||Per capita income in 2021 ($)
||Adults with a bachelor's degree or higher (%)
Here’s How Rich Hawaii Residents Are Compared to the Nation
by Samuel Stebbins, 24/7 Wall St. via The Center Square, Apr 29, 2022
The United States is in a period of historic inflation. The consumer price index rose by 8.5% over the 12 months ending in March 2022, the fastest increase in over four decades. Though it is not keeping pace with inflation, income is also on the rise in the United States.
Personal income per capita in the United States increased by 7% in 2021, according to the Bureau of Economic Analysis. Based on the latest population data from the U.S. Census Bureau's American Community Survey and annual income data from the Bureau of Labor Statistics, per capita income in the United States is $64,478.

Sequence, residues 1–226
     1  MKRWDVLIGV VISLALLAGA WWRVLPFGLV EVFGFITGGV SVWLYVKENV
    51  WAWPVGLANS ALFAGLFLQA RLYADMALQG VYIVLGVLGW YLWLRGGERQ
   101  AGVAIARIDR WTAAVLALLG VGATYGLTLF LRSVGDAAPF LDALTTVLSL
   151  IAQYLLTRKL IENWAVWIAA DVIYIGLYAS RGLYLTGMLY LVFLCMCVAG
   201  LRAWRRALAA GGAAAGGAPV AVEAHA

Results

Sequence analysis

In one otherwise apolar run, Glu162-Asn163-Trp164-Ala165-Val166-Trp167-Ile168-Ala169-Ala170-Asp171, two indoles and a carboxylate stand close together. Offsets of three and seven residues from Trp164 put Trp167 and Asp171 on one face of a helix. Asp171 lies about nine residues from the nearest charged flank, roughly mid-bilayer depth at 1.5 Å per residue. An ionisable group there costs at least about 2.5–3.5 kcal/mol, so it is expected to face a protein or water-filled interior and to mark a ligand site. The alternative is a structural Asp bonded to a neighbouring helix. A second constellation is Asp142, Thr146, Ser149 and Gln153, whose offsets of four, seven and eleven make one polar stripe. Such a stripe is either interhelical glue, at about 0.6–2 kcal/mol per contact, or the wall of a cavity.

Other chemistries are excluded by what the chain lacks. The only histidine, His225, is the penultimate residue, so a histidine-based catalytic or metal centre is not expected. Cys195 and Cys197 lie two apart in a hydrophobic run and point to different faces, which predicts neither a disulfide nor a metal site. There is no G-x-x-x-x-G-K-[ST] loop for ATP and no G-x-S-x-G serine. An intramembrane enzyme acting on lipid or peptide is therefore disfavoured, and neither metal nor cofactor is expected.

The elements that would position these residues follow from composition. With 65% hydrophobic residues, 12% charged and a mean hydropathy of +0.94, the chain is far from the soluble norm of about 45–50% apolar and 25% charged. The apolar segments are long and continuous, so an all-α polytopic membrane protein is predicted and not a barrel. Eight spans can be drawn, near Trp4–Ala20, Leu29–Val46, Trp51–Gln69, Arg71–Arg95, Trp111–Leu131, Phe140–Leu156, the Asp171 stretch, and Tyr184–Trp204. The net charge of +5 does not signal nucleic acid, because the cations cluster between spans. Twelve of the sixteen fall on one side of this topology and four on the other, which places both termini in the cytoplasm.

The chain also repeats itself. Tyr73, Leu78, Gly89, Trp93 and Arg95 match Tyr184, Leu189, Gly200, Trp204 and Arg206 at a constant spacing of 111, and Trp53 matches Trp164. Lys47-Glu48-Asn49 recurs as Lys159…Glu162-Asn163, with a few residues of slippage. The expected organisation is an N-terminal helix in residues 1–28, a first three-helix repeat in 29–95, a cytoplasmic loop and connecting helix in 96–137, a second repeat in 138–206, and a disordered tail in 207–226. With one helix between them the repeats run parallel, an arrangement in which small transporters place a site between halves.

It is important to note that income per capita includes not only wages and salaries, but also Social Security and other government benefits, dividends and interest, profits from business ownership, and other sources.
In Hawaii, per capita income stands at $61,302, lower than the national figure and the 24th highest among states.
According to the Bureau of Labor Statistics, workers with a bachelor's degree earn about 65% more each week than those with no education beyond high school. Perhaps not surprisingly, states with higher than average income often also have better-educated populations, but Hawaii is a notable exception. An estimated 33.6% of the state's 25 and older population have a bachelor's degree or higher, compared to 32.9% of all Americans in the same age group.